One of the extraordinary phenomena in campus culture in the last two decades is the rise of “diversity” as a concept, condition, banner, and ambition. How is it that “diversity” went from being a routine term with no particular cachet into the notion/term of the moment. It appears everywhere from my son’s kindergarten classroom wall (“CELEBRATE DIVERSITY”) to high-level administrative office doors at universities everywhere.
Harvard Law Professor Randall Kennedy has an explanation in The American Prospect in an essay entitled “The Enduring Relevance of Affirmative Action.” Kennedy begins by recounting the numerous challenges to and the rising unpopularity of affirmative action in the 1980s and 90s, then asserts that the tide has shifted. People who don’t profit directly by affirmative action practices aren’t so angry about race-based practices any more, Kennedy writes, and for one reason major reason: “The amorphous and malleable idea of ‘diversity.’” While few private businesses wanted to defend “reverse racism,” Kennedy says, he recalls ”the 2003 University of Michigan affirmative-action cases when 65 major companies, including American Express, Coca Cola, and Microsoft, asserted that maintaining racial diversity in institutions of higher education is vital to their efforts to hire and maintain a diverse workforce.”
That illustrates how “diversity” transformed what had appeared to be a punitive or reparation-like process into a positive and productive and forward-looking one.
“The rise of the diversity rationale for affirmative action has not been costless, but it has ensured that appreciable numbers of racial minorities are in strategic positions, while dampening certain side effects that attend any regime of racial selectivity. Unlike affirmative action based on grounds of compensatory justice, the diversity rationale is non-accusatory. It doesn’t depend on an assumption of culpability for some past or present wrong, and it minimizes the anger ignited when whites are accused of being beneficiaries of racial privilege. Everyone can be a part of diversity.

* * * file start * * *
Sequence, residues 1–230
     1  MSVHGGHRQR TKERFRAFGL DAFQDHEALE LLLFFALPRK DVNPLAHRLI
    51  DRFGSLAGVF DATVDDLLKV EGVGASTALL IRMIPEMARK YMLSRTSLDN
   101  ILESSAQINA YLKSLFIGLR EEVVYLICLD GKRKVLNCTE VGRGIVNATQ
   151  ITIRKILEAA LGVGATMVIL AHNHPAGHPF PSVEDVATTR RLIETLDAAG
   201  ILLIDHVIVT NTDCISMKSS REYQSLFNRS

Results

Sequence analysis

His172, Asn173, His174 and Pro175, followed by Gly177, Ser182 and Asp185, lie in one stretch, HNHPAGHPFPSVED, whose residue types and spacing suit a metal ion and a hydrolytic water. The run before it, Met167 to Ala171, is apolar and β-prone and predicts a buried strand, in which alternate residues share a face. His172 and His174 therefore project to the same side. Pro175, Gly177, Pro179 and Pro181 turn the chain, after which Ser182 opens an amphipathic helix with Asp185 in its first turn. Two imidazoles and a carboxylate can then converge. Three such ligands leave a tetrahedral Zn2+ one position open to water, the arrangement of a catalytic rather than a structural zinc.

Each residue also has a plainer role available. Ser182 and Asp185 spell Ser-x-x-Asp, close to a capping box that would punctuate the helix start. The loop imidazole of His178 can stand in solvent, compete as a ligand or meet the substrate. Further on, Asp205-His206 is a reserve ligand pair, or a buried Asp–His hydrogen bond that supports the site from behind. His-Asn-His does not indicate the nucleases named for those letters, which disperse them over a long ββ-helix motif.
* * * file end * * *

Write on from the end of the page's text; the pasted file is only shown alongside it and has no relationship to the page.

“Many are drawn to the diversity rationale because it frames affirmative action not as special aid for designated groups but as a way of producing better services and products. Businesspeople love to say that ‘diversity is good for the bottom line.’ Many of them would be ideologically allergic to a business practice based solely on notions of justice or altruism but comfortable supporting a program that can be seen as reinforcing the principal mission of their enterprises.
“The diversity rationale also facilitates the evasion of prickly subjects—for instance, the fact that racial minorities selected for valued positions sometimes have records that, according to certain criteria such as standardized tests, are inferior to those of white competitors. The diversity rationale moves the spotlight from the perceived deficiencies of racial minorities to their perceived strengths. Unlike other justifications for affirmative action that seek to make exceptions to meritocracy, the diversity rationale is consistent with meritocratic premises. This is the most striking and historically significant aspect of affirmative action: It enables racial-minority status for the first time in American history to be seen as a valuable credential. Instead of the presence of blacks and other racial minorities constituting an expiation of past sins, the diversity rationale makes their presence a welcome and positive good.”
Precisely. When you talk about “diversity,” you don’t sound resentful, grievance-oriented, or paternalistic. No identity politics needed. It agrees with old American virtues of effectiveness and pragmatism, too. The evidence that a racially diverse classroom produces better outcomes is shaky, to be sure, but even if “diversity” signals only a rhetorical shift, it worked, and it will continue to work for a long time.
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